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Rays 3, White Sox 1: Different lineup, same result

Josh Phegley's first career homer the lone offensive highlight as Tampa Bay completes sweep

J. Meric

The future is now, and here's all White Sox fans can do:

  1. Expect even less.
  2. Savor individual triumphs.

Robin Ventura started his Sunday-est lineup to date. With lefty David Price on the mound, Ventura spared his starting lefties and fielded a lineup with Casper Wells, Brent Morel and Blake Tekotte. That looks odd now. It might look less odd a month from now if Rick Hahn is able to make some trades.

In related news, Price threw a 98-pitch complete game. The Sox hadn't seen the sub-100-pitch complete game in a couple years (Carl Pavano was the last back in 2011), so that's what passes for novelty.

The Sox collected eight hits off Price. They subtracted two of those with a couple of thwarted stolen-base attempts, and they couldn't get any baserunners back in the form of walks, HBPs, errors, catcher's interferences, or other gifts. Likewise, they only had three chances with runners in scoring position, and none after the fourth. They went 0-for-3 in such situations.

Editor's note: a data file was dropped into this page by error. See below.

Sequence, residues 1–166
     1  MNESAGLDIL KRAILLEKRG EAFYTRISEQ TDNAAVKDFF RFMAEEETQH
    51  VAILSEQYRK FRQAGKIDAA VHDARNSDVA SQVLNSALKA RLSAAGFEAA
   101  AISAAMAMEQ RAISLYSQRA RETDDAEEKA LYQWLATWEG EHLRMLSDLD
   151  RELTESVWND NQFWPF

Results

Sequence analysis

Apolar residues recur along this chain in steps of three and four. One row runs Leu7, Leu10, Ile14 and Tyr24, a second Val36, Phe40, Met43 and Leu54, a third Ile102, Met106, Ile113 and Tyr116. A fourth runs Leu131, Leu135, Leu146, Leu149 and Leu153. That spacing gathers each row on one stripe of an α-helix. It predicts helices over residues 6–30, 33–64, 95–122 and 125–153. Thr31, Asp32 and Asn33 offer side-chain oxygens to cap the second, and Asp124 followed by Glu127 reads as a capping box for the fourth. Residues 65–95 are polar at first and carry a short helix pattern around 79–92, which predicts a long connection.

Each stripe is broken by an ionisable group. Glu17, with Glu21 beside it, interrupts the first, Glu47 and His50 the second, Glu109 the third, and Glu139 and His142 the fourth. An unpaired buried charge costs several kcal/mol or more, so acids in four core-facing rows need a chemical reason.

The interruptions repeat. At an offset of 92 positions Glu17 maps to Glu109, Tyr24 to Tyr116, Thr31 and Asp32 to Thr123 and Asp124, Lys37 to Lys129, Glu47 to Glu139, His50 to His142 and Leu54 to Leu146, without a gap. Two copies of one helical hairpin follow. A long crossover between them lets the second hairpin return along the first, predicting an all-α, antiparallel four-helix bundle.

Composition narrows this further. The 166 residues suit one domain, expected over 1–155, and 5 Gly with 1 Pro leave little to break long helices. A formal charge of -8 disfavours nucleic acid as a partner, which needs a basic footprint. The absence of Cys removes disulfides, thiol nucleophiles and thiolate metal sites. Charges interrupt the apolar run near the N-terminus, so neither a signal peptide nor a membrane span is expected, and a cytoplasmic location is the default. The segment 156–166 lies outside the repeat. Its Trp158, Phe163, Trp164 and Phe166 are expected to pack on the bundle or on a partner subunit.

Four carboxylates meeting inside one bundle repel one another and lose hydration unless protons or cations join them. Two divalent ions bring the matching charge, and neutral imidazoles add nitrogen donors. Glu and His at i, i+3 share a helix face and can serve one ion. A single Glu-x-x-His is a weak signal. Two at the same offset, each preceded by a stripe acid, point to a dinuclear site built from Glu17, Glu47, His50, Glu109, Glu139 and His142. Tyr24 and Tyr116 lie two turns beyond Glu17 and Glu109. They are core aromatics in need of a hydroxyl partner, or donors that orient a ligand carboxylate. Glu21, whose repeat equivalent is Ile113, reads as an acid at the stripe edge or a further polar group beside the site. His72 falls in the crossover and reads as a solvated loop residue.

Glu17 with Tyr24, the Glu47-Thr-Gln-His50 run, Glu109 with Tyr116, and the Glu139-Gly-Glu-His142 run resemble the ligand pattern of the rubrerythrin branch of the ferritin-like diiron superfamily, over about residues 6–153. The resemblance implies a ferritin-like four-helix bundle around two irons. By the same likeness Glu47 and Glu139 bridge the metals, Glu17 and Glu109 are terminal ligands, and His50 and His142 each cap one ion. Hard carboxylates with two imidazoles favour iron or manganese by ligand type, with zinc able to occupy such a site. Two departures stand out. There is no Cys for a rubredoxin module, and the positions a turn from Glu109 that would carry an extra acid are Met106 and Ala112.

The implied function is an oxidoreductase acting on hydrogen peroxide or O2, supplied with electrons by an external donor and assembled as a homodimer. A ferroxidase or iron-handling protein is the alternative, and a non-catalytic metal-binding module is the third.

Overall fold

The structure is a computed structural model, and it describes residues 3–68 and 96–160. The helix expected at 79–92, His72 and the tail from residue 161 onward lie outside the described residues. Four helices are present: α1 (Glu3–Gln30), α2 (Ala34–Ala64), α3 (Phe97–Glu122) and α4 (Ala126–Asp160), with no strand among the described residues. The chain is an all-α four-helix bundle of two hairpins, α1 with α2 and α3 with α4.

So there was only one way to score, and at least it was a memorable one. Josh Phegley, who came close to taking Price deep in his previous at-bat, was able to put a fastball in the first row in left for his first career homer. It wasn't enough to avoid the sweep, but it did prevent the Sox from getting shut out for the second straight game.

Today's hard-luck starter was John Danks, who threw seven good innings. He looked extremely vulnerable in the first -- Desmond Jennings smoked a double and Ben Zobrist just missed the foul pole down the left-field line, but Joe Maddon opted for the smallball route. A bunt and sac fly did yield a run, but it seemed like it should've been worse.

But Danks' location improved dramatically enough to reach "not the problem" status. He did walk two batters for the first time all season, and one of those set up the decisive RBI single in the fifth inning, but he represented himself well. He allowed just seven baserunners over seven innings, and that's usually enough to win. Usually.

Record: 34-51 | Box score | Play-by-play | Highlights